organization
 publishing date
 2002
 type
 Contribution to journal
 publication status
 published
 subject
 keywords
 scaling, convection, icecovered lake, mixed layer model
 in
 Journal of Geophysical Research
 volume
 107
 issue
 C4
 publisher
 WileyBlackwell
 external identifiers

 wos:000178923600001
 scopus:0037092388
 ISSN
 21562202
 DOI
 10.1029/2001JC000892
 language
 English
 LU publication?
 yes
 id
 1f900905760b4085a067e4c63d33abb6 (old id 324743)
 date added to LUP
 20160401 12:00:56
 date last changed
 20210106 06:27:22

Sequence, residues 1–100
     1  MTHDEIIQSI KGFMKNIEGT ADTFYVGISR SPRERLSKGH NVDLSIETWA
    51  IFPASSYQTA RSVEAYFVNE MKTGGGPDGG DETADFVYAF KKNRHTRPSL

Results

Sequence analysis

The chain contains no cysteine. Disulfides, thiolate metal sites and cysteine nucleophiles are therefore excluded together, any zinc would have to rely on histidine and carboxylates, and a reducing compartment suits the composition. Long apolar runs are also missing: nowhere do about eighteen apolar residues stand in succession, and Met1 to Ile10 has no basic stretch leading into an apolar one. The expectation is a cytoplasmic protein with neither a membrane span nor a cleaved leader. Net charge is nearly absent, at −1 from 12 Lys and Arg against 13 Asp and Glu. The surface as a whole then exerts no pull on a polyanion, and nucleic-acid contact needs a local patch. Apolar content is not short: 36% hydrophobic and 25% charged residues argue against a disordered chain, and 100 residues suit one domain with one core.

@article{1f900905760b4085a067e4c63d33abb6, abstract = {Penetrative convection is discussed where the instability is driven by radiative heating of water below the temperature of maximum density. Convection of this type occurs in icecovered freshwater lakes in late spring, when the snow cover vanishes and solar radiation is absorbed beneath the ice cover. The vertical temperature structure, bulk mixed layer scaling, and mixed layer deepening are examined for a number of temperate and polar lakes. A bulk mixed layer scaling for this type of convection is based on energy arguments underlying the classical Deardorff convective scaling. The depth of the convective layer serves as an appropriate length scale. However, a modified scale that takes account of the energetics of a distributed radiation source term replaces the surface buoyancy flux velocity scale used by Deardorff. The scaling compares favorably with largeeddy simulations of turbulence kinetic energy (TKE) and with both observations and largeeddy simulations of the TKE dissipation rate. Mixed layer deepening is simulated with a model of convection beneath lake ice. The model describes the structure of the stably stratified layer just beneath the ice with a stationary solution to the heat transfer equation; the structure of the entrainment layer is parameterized with a zeroorder jump approach. The entrainment equation is derived from the mixed layer TKE budget and bulk mixed layer scaling. Entrainment regimes characteristic of convection beneath ice are analyzed. It is shown that if the Deardorff convective velocity scale is replaced with a scale incorporating the distributed buoyancy flux, the entrainment equation describing atmospheric and oceanic convective boundary layers also applies beneath the ice. Model predictions compare well with data from observations in a number of lakes. We propose and compare with observations an extension of the mixed layer model that allows for the inclusion of salinity. Although the salt concentration is low in most temperate and polar lakes, its dynamical effect can be significant close to the temperature of maximum density.}, author = {Mironov, D and Terzhevik, A and Kirillin, G and Jonas, T and Malm, Joakim and Farmer, D}, issn = {21562202}, language = {eng}, number = {C4}, publisher = {WileyBlackwell}, series = {Journal of Geophysical Research}, title = {Radiatively driven convection in icecovered lakes: Observations, scaling, and a mixed layer model}, url = {http://dx.doi.org/10.1029/2001JC000892}, doi = {10.1029/2001JC000892}, volume = {107}, year = {2002}, }